My professor wants the class to write a diagnostic essay and we can use any topic we choose I am confused on what type of essay this is and what topic is off limits. Can you help please?
If you are confused why don't you ask him again & ask him few examples. After that whatever you think write here I am sure essay forum will help you
What is a diagnostic essay?
College instructors are often faced with the need to identify their students’ strength and weakness in terms of which specific skill each student has. A diagnostic essay is used to achieve this objective. This is often used at the start of the semester to help instructors identify the kind of curriculum, exercises, and the type of exercises they need to give to students both individually and holistically. Such essays are time-bound and students need to respond to the instructors’ prompts. Diagnostic papers are effective in testing the student’s ability hence diagnostic essay writing is also used on standardized tests including SAT tests.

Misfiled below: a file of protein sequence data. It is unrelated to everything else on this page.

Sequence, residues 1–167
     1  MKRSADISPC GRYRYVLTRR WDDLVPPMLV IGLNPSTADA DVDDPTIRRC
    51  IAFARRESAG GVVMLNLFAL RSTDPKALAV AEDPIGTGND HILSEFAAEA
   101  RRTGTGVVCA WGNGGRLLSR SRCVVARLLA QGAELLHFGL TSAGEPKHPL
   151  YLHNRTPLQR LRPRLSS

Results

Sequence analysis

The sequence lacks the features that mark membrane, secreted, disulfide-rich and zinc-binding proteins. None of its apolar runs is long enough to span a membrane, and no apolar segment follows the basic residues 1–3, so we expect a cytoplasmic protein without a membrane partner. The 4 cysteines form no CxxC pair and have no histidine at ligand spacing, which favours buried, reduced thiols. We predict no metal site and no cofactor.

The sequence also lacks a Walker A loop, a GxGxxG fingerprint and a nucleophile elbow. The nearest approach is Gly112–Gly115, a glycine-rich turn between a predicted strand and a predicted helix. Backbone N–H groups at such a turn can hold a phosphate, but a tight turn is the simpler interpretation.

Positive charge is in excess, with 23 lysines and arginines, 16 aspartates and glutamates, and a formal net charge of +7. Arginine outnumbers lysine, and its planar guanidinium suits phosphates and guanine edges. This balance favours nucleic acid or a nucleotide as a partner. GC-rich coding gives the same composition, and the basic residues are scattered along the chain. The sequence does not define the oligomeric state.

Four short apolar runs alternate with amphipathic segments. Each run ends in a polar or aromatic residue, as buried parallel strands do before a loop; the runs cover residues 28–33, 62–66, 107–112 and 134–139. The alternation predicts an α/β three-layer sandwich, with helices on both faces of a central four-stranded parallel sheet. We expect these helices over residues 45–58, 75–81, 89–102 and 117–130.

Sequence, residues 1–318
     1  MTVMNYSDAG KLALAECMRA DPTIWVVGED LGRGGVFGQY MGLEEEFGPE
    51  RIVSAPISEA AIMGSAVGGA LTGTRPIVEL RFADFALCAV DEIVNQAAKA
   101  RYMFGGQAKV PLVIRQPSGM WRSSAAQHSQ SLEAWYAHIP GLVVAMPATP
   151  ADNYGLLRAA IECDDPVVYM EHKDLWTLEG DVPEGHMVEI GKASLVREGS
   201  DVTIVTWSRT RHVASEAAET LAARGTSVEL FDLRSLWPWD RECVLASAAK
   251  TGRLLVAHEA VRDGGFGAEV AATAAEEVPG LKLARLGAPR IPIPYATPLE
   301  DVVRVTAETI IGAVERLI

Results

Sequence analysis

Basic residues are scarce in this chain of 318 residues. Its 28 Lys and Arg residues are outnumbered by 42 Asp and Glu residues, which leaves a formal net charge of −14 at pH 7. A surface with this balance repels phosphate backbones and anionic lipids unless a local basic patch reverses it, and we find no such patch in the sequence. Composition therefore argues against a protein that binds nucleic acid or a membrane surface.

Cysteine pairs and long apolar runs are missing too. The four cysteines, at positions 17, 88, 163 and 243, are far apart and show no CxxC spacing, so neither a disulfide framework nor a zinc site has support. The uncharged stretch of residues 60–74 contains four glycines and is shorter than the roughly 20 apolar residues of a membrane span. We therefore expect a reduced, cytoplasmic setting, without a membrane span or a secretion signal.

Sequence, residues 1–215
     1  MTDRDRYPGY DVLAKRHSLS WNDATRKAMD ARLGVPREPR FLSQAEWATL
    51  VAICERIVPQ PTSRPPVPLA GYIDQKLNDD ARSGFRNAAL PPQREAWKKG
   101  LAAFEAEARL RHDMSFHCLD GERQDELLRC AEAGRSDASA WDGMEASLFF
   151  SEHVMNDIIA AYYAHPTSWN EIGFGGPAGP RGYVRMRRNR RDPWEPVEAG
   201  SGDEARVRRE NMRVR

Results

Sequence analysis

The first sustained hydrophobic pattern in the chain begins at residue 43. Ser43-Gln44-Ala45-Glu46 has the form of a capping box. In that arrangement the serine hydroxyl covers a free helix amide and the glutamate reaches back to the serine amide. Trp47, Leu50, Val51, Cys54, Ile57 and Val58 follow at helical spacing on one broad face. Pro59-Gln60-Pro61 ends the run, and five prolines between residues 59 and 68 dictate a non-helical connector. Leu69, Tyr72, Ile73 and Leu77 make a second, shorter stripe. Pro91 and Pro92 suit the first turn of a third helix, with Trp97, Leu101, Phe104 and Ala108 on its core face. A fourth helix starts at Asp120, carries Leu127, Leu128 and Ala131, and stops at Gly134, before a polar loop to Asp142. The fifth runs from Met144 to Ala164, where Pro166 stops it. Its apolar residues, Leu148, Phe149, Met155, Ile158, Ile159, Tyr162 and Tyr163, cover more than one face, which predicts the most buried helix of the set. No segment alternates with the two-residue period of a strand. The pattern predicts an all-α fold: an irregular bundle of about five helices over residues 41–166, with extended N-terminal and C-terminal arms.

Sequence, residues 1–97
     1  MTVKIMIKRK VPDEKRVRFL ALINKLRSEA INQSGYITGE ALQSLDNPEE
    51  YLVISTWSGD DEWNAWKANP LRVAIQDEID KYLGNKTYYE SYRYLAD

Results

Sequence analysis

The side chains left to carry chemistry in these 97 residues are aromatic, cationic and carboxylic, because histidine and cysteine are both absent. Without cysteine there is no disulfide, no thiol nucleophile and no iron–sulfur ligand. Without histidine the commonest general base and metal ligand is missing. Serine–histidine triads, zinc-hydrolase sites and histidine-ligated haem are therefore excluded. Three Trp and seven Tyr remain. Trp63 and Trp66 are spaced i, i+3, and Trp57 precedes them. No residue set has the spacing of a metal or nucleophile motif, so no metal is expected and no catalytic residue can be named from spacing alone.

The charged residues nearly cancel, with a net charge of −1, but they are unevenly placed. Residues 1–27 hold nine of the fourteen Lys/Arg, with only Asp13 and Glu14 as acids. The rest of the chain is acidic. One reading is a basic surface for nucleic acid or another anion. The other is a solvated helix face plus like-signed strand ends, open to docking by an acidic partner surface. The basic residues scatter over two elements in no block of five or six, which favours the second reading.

Occasionally, the writer is given two or more prompts and allowed to choose the one he or she likes. A diagnostic essay is best written by dividing the paper into three sections: introduction, body, and conclusion. A diagnostic essay is time-bound thus the author must set aside some time to go through the question and plan how to effectively write the essay. A captivating introduction and a clear thesis are aspects that make a diagnostic assignment to stand out.
How to start a diagnostic essay
The writer has to set aside time to read and answer the prompt, to formulate the thesis as well as plan on how to write the essay within the allocated time period. After pondering over the topic and coming up with a mental sketch of what one needs to write about, the next step is to introduce the topic. This entails reviewing the three key ideas that one would like to focus on as he writes the essay. The writer can start the introduction with a restatement of the essay prompt. For instance, if one is given a prompt to write about the most challenging task that they have ever undertaken, he will give an explanation of the hardest thing he has ever done. The writer can first list a number of tasks that he might consider to be the most challenging to him. From the mentioned options, he will then identify one specific task and pursue it. He will introduce the task and give a detailed review of the same including, for instance, nature and time period the task took, and other relevant aspects. The other key part of the introduction is the thesis statement. The thesis for a diagnostic paper will be a one sentence highlight of the three key reasons why the task is most challenging to the writer.